Warning: If you invest in this product you may
lose some or all of the money you invest.
Warning: The value of your investment may go
down as well as up.
... and the answers you
will want to hear
8 Questions people often ask
Set out below are some of the typical questions that people ask about pensions – with our answers.
If there are any further questions you would like to ask, please contact your Financial Adviser.
Can I vary my contributions?
Most pension plans will allow you to increase or reduce your contributions at any time – and to take a ‘payment holiday’,
stopping your contributions altogether, if you need to, and starting them up again when you can afford to do so. Of course,
reducing your contributions – or missing some altogether – will reduce the eventual value of your plan and mean that your
pension may not be as high as you wanted. So you should try to maintain your contributions, if at all possible. But, if you need
the flexibility to cut back, it will normally be there.
Can I alter my investment choice?
Yes. Most pension plans offer you a wide range of funds to choose from. But this isn’t an irrevocable decision. As time goes by,
you can switch all or part of your accumulated investment from one fund to another. You will also normally be able to direct
your future contributions into a different fund. Your Financial Adviser can review the options with you on a regular basis.
What about my retirement date?
You can start to draw your full State pension on your 66th birthday. However, under recent Government proposals, the starting
date for your State pension may be increased in stages, over the coming years, to your 68th birthday. If you are in a company
pension plan, the retirement age will be specified in the scheme rules – while, if you have your own pension plan, you can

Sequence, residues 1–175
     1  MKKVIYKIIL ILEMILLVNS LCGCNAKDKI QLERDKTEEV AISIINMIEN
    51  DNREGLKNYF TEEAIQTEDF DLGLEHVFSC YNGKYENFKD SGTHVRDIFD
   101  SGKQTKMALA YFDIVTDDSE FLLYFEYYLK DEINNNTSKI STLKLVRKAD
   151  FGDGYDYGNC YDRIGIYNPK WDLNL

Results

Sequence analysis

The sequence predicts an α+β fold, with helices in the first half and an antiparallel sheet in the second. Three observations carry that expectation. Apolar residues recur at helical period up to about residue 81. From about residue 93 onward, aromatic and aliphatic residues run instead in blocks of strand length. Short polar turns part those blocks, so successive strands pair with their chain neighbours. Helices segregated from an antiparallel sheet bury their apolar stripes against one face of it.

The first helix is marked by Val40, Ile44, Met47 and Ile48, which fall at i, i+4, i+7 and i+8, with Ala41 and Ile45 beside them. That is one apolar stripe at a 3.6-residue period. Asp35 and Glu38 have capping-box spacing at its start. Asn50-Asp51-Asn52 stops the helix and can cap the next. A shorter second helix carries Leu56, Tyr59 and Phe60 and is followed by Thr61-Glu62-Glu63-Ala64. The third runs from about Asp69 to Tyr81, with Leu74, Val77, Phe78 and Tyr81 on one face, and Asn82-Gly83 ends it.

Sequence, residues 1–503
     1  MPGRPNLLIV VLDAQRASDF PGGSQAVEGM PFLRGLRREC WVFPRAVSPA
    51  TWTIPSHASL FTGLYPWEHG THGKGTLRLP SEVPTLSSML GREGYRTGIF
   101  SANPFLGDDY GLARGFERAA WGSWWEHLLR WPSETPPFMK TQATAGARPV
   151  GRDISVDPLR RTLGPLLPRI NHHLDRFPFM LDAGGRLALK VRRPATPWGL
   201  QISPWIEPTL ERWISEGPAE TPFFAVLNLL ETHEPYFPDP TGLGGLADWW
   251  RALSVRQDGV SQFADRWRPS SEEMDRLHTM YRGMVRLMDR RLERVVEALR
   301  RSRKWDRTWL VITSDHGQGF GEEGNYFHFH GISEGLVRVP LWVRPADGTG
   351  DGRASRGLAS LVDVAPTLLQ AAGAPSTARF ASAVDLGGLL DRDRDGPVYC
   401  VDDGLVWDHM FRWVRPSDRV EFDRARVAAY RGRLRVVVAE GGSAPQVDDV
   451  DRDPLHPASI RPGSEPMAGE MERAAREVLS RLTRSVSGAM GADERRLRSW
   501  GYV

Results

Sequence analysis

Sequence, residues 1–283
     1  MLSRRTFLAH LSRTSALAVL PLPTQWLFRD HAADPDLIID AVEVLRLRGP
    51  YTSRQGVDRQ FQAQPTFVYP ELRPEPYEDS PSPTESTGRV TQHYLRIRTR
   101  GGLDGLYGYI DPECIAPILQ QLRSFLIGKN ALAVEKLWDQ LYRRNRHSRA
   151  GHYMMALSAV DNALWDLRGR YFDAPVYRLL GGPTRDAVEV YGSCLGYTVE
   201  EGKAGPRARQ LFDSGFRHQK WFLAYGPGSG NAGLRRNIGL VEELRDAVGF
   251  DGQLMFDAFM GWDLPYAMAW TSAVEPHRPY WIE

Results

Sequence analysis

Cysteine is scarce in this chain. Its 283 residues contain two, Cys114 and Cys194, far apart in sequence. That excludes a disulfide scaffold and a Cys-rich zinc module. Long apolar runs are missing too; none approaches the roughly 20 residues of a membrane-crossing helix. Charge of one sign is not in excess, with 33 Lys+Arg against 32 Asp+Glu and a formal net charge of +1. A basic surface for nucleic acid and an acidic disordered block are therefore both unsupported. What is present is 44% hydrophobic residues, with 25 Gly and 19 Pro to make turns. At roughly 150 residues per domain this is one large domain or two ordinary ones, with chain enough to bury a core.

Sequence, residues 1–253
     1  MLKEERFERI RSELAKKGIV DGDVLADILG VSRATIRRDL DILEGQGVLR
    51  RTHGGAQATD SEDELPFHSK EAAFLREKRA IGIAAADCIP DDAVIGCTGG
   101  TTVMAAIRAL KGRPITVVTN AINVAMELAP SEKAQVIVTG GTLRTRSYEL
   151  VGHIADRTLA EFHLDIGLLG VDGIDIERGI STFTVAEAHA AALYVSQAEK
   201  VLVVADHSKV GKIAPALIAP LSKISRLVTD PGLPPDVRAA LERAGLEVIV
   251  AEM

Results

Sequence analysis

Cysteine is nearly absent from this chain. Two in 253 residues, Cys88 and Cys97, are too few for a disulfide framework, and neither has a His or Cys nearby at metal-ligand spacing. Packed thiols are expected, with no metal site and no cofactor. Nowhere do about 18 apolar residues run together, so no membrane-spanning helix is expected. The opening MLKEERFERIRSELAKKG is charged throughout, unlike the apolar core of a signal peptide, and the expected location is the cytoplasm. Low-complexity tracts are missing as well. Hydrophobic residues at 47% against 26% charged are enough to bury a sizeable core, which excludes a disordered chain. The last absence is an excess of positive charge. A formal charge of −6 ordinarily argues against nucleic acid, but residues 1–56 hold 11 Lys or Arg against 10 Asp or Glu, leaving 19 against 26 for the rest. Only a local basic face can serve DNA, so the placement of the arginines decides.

choose your retirement age, provided it is between 60 and 75.
Can I retire earlier or later?
Yes – at any time between your 60th and 70th birthdays, if you are
a member of a company scheme (as per scheme rules), or between
your 60th and 75th birthdays for all other pension arrangements.
What if I change jobs?
If you have your own pension plan, you can simply take it with you to
your new job – and keep it going. Furthermore, if you will be earning
more in your new position, you should think about increasing your
contributions. It could also be worthwhile asking your new employer
if the company would be willing to make any contributions.
It will also be a good time to review your plan – and your Financial
Adviser will be pleased to help you do this.
What options do I have when I retire?
First, after you have taken any of the tax-free cash that you are allowed to draw, the balance of the money will be used to
provide you with a pension. This can be arranged by using the money to buy what is called an ‘annuity’ – or investing it in an
‘approved retirement fund’.
What is an annuity?
It is a guaranteed income for life. And you can choose either a level pension or one that starts lower, but increases by a set
amount each year, to help offset the effects of inflation. You can also choose what will happen to your pension when you die.
For example, it can stop immediately – or it can continue to be paid (at a reduced rate) to your widow/er or partner.
What is an approved retirement fund?
It is an ongoing investment fund. It still has the potential to earn investment returns, but nothing is guaranteed. If you choose
this option, instead of receiving a regular pension, you can simply withdraw the money you need (subject to specific conditions),
as and when required. On your death, the balance in the fund (less tax) will be paid to your chosen dependants.
What if I die after retirement?
You decide this when you retire – as described in the answers to the two previous questions.
Will my pension be subject to tax?
Yes. Like any other form of income, your pension will be taxable.
What about charges?